As a visiting mid-westerner, this was my first time cycling alone in this area, so I appreciated how well used this trail was, mid-afternoon, late August. Heavily shaded most of the miles I covered between Pine Rd. and Bustleton Ave. Very winding and sometimes hilly, made me hug the right, so as not to run someone down on a blind curve. I always signaled my approach, but strolling pedestrians aren't too good about keeping to the right. Beautiful scenery: huge old trees, birds, squirrels, chipmunks, rocky Pennypack Creek, picturesque bridges.
Recently discovered this one. Beautiful ride, and enjoyable terrain.
" Pennypack is a great jogging/biking trail. West of the boulevard is safer than east of the blvd. Whatever direction you go, it's fun. Philly receives heavy criticism for many things, but give the city a lot of credit for Pennypack."
"Riding this trail, at least on the northern section, is like riding a roller coaster. It’s a very hilly section and some of the hills are steep. The cool thing is that with the exception of one or two hills, which are very challenging to climb, after descending one hill, it only requires moderate peddling to get up the next one. Then it’s time for another decent. Don’t ride into Pennypack Creek by accident!
Very beautiful scenery. This trail winds along a nice, meandering creek. I rode from the upper end of this trail, south 6 miles. I must agree with another reviewer that after riding 5 miles south, some shady characters appear on the trail. They’re not the kind of people that would steal your bike, I hope, but they will make you feel uneasy if you’re not used to Philadelphia. Therefore, I recommend riding from the north end of the trail, south 5 miles to the massive overpass and then turn around for a 10 mile roundtrip.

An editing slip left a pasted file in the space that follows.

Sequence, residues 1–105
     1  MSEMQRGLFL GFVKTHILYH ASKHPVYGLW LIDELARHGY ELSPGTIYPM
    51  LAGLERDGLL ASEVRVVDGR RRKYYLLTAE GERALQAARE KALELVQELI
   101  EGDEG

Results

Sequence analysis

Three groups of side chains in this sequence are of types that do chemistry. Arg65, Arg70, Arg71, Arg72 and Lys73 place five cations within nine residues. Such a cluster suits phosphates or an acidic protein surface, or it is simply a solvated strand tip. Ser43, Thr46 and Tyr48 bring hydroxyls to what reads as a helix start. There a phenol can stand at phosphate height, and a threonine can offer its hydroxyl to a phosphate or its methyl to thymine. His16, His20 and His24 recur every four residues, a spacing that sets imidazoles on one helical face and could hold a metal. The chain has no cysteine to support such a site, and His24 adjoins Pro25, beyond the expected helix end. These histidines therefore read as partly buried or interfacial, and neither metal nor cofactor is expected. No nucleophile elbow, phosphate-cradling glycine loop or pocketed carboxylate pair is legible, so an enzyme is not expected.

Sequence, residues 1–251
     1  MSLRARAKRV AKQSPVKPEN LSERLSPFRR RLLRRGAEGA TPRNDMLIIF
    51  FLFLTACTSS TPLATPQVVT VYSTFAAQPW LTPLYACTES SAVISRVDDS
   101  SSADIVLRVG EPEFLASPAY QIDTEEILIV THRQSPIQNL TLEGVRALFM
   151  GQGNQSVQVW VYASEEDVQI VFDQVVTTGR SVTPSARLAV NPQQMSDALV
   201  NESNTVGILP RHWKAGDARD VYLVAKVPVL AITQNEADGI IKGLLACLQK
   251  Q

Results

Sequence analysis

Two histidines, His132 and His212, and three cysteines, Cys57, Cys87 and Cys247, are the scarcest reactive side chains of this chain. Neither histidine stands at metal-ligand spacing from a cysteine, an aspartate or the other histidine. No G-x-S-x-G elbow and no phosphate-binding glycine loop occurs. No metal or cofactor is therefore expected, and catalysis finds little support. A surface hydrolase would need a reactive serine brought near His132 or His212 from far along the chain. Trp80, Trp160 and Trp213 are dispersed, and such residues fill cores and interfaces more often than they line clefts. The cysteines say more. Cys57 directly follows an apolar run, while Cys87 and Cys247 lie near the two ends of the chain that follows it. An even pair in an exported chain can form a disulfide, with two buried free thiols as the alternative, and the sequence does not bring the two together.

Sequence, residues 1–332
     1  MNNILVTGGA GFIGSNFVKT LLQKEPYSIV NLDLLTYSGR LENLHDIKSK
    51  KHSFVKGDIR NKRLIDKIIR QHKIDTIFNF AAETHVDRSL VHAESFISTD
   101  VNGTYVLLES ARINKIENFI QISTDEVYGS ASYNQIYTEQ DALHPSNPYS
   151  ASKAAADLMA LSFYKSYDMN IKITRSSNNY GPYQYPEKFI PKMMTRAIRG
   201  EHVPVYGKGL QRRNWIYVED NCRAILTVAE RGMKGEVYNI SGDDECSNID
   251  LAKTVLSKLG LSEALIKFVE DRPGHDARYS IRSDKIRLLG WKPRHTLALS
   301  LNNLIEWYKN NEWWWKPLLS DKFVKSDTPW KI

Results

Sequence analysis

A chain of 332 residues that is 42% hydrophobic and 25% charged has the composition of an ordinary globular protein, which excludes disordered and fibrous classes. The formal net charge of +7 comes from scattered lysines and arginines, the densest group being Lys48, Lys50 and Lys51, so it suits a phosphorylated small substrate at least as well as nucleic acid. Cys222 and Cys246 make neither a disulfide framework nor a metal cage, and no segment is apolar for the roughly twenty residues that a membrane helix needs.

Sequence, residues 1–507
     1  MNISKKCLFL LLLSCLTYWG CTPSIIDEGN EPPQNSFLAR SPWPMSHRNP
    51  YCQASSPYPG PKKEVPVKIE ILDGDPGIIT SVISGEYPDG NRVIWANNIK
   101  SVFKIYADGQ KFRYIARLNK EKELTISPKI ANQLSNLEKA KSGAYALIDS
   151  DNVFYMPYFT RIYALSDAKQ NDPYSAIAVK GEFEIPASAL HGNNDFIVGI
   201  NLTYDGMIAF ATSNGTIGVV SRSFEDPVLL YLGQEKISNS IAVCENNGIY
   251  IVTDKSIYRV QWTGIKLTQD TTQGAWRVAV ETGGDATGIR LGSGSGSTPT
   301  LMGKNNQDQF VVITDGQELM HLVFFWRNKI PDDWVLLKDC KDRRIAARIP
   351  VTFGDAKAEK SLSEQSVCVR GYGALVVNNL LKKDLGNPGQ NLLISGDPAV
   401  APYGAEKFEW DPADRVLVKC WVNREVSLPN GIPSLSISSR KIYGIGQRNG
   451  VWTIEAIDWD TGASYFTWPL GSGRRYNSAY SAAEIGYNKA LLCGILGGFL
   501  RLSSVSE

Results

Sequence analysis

After about 4 miles, the trail flattens out and the scenery is pretty nice. By the way, the whole trail is paved, so 10 miles is very easy to do.
Definitely park at the north end of the park (pictured), across Pine Road from Fox Chase Farm (Butler Twp Park). Plenty of parking here with bathrooms and a food concession on Pine Road. Nice people on the north end of this trail."
I ran in Pennypack during my four years of college. The trail has been re-paved in the last three years. There's some fantastic scenery along the trail. Watch yourself if you're running east of boulevard -- there are some shady characters there. West of boulevard the trail is very hilly and beautiful.